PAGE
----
Instead of rushing to present our abridged script of Much Ado About Nothing to our students, we decided to use this third meeting to gather more information on how the students wanted to revise Shakespeare’s characters. We first began the meeting by reviewing which students had previously indicated their interest in a speaking part and/or in “behind-the-scenes” work (such as drawing pictures and creating the set). We then got a show of hands for which students were interested in specific roles. Many students wanted to voice Bea, so we decided to split up her speaking roles among 2 or maybe 3 students.
Once that logistical work was out of the way, we asked the students some more questions about each character’s individual personalities so that we could have more to work with while we write the script. When talking specifically about Hero’s social status, we got into an interesting discussion about popularity—how many of our characters should be popular? Can they all popular? I was happy to hear that, while almost all students wanted her to be pretty and ultimately more popular than the rest, they also thought it was crucial to make her smart and kind. The students seemed to naturally complicate Hero’s character by adding these overlapping attributes.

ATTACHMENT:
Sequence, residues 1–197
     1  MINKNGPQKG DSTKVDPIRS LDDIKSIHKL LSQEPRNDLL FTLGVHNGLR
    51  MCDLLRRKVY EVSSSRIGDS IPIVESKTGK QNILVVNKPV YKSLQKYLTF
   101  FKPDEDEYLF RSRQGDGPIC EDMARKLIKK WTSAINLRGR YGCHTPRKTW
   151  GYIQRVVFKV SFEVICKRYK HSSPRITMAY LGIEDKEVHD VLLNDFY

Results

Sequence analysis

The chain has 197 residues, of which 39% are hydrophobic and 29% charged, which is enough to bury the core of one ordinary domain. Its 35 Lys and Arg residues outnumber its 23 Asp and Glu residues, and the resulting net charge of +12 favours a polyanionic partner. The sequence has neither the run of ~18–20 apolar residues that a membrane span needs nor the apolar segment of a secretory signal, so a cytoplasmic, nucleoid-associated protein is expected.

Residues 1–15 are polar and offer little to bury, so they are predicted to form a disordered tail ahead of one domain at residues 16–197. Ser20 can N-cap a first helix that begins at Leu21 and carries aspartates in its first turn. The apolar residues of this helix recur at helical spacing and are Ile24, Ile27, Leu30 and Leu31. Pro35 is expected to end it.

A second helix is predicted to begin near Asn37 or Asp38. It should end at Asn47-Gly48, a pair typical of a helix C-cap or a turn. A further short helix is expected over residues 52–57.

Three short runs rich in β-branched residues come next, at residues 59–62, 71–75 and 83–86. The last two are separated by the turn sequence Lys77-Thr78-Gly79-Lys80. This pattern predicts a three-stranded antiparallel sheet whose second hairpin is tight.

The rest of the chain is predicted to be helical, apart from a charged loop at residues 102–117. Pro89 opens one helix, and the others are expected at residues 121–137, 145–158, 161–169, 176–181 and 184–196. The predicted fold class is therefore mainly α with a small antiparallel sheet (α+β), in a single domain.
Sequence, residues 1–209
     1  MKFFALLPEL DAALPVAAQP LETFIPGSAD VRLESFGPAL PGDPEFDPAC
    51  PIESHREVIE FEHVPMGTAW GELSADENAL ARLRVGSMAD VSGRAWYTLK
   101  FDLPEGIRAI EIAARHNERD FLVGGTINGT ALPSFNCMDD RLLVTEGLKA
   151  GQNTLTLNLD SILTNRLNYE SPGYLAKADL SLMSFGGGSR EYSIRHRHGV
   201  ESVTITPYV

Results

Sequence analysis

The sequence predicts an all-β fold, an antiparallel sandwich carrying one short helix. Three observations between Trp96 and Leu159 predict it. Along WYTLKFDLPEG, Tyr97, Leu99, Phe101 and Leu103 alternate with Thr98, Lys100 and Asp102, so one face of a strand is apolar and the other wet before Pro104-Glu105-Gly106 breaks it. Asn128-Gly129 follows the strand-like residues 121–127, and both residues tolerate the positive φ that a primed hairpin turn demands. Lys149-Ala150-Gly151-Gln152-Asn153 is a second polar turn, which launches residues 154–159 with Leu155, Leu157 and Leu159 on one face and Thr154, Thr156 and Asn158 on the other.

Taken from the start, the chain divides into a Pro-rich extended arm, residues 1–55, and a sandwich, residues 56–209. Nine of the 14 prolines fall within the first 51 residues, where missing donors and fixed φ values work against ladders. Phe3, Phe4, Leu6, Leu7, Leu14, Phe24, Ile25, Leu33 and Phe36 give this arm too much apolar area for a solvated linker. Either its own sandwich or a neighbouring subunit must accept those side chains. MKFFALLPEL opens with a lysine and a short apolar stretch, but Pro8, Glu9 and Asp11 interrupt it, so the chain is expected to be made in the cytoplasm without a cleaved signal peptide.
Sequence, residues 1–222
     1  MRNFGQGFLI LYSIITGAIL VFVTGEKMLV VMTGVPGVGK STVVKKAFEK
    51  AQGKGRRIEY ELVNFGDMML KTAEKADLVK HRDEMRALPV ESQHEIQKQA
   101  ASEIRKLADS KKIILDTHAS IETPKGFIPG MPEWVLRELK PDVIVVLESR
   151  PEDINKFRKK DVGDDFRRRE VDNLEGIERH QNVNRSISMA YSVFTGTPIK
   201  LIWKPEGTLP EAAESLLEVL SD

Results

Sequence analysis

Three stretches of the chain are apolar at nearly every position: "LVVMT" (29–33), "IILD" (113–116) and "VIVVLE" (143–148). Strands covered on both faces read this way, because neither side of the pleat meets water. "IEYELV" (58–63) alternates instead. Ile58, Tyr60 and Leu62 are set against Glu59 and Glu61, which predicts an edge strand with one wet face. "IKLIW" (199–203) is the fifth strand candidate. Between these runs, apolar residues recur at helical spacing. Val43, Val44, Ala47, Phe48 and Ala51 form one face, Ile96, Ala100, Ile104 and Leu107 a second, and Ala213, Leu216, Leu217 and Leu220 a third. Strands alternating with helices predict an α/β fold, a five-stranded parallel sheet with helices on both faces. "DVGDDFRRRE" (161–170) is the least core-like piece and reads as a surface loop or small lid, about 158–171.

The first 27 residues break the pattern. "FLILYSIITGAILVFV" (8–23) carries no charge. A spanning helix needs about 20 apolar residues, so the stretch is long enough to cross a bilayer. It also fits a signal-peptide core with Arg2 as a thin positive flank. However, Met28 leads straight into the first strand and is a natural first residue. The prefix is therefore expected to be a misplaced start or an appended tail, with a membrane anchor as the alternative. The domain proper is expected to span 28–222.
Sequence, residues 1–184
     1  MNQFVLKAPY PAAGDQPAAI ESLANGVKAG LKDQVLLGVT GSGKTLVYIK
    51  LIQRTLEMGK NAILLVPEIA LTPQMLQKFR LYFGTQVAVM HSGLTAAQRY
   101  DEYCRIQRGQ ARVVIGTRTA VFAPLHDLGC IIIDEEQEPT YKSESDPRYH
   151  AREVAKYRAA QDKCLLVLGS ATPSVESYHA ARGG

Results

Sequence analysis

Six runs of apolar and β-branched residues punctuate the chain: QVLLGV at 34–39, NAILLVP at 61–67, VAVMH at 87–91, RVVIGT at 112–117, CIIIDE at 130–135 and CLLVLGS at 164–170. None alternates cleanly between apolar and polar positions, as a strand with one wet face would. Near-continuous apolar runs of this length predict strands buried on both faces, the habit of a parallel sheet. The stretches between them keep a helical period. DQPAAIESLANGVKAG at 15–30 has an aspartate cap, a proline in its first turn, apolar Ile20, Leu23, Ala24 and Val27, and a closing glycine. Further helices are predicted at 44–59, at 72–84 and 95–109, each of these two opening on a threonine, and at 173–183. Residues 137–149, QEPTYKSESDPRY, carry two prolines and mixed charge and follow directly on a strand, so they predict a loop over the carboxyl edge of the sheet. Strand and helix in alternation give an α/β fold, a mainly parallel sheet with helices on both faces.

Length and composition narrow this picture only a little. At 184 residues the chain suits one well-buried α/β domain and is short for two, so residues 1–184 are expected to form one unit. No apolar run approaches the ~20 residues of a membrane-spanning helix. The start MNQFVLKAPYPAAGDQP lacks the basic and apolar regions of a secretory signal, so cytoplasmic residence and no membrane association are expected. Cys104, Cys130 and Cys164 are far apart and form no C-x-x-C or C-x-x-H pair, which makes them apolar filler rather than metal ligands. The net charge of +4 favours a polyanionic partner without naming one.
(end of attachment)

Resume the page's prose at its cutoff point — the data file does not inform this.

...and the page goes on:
Lastly, we asked the students how Bea and Ben should get into their petty argument in order to demonstrate the “merry war” between them. Many students were very passionate about having this argument take place in the cafeteria, eventually leading to a massive food fight. The other UR students and I supported this idea because it would be lots of fun to create and because it could allow for more speaking roles. Overall, this meeting definitely cemented many of the ideas previously brought up by the students and gave us plenty of new material to work with when finishing up our act 1 script this weekend. My main concern, at the moment, is ensuring that all students get the ability to voice a character if they want to.